The holidays represent a time to relax and keep off from work. It is also a time to catch up with friends and family. Are there limits to what we should post on the social media during the holidays?
1. Photos of others without checking first
Although you might want to share the memories of your family event with others, check first with others in the photo before tagging them or even posting the picture. Some adults don’t want their lives made public while some parents prefer not to post pictures of their children online or prefer to monitor which photos are posted online. Respect their choice.
If someone knows the picture will be posted online and made public, they may choose to opt out and take a private photo with you later.
Remember that the only person you truly have permission to share a photo of is yourself.
2. The gift you didn’t like
This is a big NO. It is a season of gratitude and it will do well if you appreciate the gifts from family and friends. Well, if you don’t like the gift, the social media is not a good place for you to express your reservation. Do not post petty comments about gifts you didn’t like. Those types of comments, even if you don’t name names, can be very hurtful.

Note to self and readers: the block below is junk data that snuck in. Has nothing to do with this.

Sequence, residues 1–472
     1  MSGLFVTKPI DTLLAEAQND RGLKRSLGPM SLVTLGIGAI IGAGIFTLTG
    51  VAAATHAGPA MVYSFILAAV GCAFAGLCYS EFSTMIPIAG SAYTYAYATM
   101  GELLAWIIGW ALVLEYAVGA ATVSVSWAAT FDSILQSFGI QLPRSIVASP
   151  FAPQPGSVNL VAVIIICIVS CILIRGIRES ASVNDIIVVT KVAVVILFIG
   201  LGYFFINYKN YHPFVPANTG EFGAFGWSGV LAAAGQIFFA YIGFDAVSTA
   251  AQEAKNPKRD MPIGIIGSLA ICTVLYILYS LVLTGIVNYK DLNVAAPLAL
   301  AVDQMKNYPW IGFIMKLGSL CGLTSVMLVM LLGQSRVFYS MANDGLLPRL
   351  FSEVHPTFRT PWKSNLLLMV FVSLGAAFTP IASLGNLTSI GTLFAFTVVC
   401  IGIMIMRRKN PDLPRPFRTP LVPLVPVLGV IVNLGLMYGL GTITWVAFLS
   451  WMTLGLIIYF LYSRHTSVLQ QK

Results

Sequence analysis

This is self-explanatory enough. The holiday is not a time to criticize other religions. It is a moment of celebration, so, catch the fun and leave out derogatory comment about others and their religions.
4. The drama within your family
Social media is not a place to resolve family conflict. In fact, social media could create more conflict or hurt feelings. It may create a divide among other family members or friends who know your family members. It may also ruin an enjoyable family event since a majority of your other family is also on social media.
All families have secrets and you’re bound to not like every single person you’re related to. But if you want to bash your cousin or reveal some drama about an estranged great aunt, social media is not the ideal place.
This is KEY. We have become so comfortable with the internet that we often forget that the whole world has access to our posts.
Even if you keep your profiles on strict lock down and have privacy settings, friends-of-friends could still see—and possibly say—something to your employer. Learning to censor yourself when you’ve had a bit too much of that mulled wine or want to declare your resolution is to get a better job is a smart move.
You may want to be a viral social media superstar, but do you really want to end up there because your photo was captured while you were in a drunken stupor?